– How’s all in the world of Atove these days?
My world at the moment is really busy. There is the Atove world full of music and productions and the Arturo world full of study and university. Usually when I’m doing a lot of things together can be really wearisome but often gratifying.
– Where are you permanently based? What are the best and worst things about living there from an electronic music point of view?
I live in Italy. My house is in Lucera, a small town near Foggia, but I’ve been living in Bari for three years now. From the electronic music point of view nothing changes. In both the places there are a really small number of places that bring good music and artists in their line-up, however those parties are really amazing.
– Is it an inspiring place to make music?
I think that every place in Apulia is inspiring for music and arts. Cities are full of history and unspoiled landscapes. If you come to Italy visit it.
– So where do you go if you’re clubbing there? What venue has inspired you more than any other?
If you are clubbing in Apulia you have to go to Guendalina club and to Cromie club. The last one is one of my favourite for its structure of an Arena, however Guendalina has got a great atmosphere when the sun is rising up.
– Do you find different parts of the year more inspirational to make music? When do you find you’re at your most creative?
I love it when outside is raining and I’m closed in my studio making music, so I think the most creative part of the year for me is winter.
– Can you give us some insight into how you make your tracks?
Generally I’m very instinctive, and getting inspired for me is really important to produce something if not I can’t create anything. I think inspiration plays a big rule in our music. When I have an idea I immediately start to create it and only after this I start to review it in every single part. When it comes to making music you have to seize the opportunity: a particular vocal, a good bassline…
– Was there one person who convinced you to give electronic music a go? If so, how inspirational have they been in your life?
I started to approach electronic music with a good friend of mine. His name is Antonio and we played together for a long time. Later I met Biagio, another good friend that helped me to find my own sound.
– So did you have a mentor when you were starting out?
Finally I can say: “yes I had!” I think that you get influenced by these people and they helped me to find my way to house music.
– What’s your ultimate aim with music? To be successful or to keep enjoying what you do?
I never really decided to start a career as a DJ or a Producer. I started to make and mix music just for fun, an it became my passion. Now I continue to make music because I love what I do but giving more attention to it. I dont like hypocrisy. I think a lot of people that work in this world dream to be successful one day, but for me it’s not the most important thing.
– How important is it that your producer peers check out your music then?
I think it’s one of the most important things. In the studio, listening on repeat to the same track, you can do mistakes. For this I usually send over the track to some good friends to have their impressions and to understand what they think about it. Sometimes some good producer peers, after a release, ask me for a track or just text me some good words. This makes me really proud. If someone thinks that my track can be good in a party and can move people on the dance floor I’m satisfied.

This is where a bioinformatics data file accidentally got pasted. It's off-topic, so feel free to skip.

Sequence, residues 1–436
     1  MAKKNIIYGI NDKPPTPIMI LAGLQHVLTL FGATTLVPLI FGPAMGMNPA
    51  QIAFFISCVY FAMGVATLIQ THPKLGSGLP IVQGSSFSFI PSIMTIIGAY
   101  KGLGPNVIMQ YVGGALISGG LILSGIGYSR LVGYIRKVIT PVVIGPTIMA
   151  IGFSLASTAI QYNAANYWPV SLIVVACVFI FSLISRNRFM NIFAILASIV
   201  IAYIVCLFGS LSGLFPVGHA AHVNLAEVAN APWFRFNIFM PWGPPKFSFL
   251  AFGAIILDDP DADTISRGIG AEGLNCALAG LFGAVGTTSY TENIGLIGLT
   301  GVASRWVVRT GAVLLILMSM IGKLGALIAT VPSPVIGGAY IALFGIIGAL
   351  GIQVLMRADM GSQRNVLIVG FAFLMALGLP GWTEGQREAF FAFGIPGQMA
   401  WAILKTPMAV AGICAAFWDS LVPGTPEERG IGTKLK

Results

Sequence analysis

– Did it take a while for you to be taken seriously as a DJ?
When I started approaching this kind of music I was very young and there were a lot of DJs in my town, so it was really difficult to be taken seriously by these people at first. Then as time goes by, also with the help of productions, I had the possibility to explain who I am as a producer and a DJ.
– What track do you play to rescue the floor?
There are more then one but if I have to give one to you I can say:
Di Chiara’s Brothers – House Culture
– And what track makes you happy? And sad?
Usually I try to not listen to music that makes me said, so I can only write two tracks that I simply love: Everything But The Girl – Missing
Beanfield – Tides (Ripperton Mix)
– If there was one track to define your story so far, what would it be and why?
That’s very hard to say. I think I never tried to find a song for my story. I don’t have one right now but if I find one I will text you!
– Can you tell us a bit about your latest EP alongside Markomas?
“Cold Minds” is an EP that comes out from mixing our two styles and classic house sound. When we started it, we wanted to create some groovey beats with hints of some classic old school sounds showing our acid music point of view. We also chose to add to these tracks small vocal phrases to give them more power on the floor.
– How would you describe working alongside him? What was that process like?
Me and Marco began really being friends 3 years ago. We worked together as DJ’s in the same clubs and when we decided to work together all was really simple for us. We have a “similar mind” and music point of view. I was really excited to work with him because he has got a really strong musical background. I think it was a really quick collaboration because we speak the same musical language and for me this is very important in these kind of works.
– What are your plans for the rest of the summer?
First of all to continue with what I’m doing, produce new music and try to do some experiments with singers and live recorded sounds trying to grow up musically. Looking forward also to playing in some good parties in Italy and abroad.
Interview by Dan Mackenzie
Atove’s Ep with Markomas ‘Cold Minds’ is out on Roush
Buy it here – https://pro.beatport.com/release/cold-minds/1560241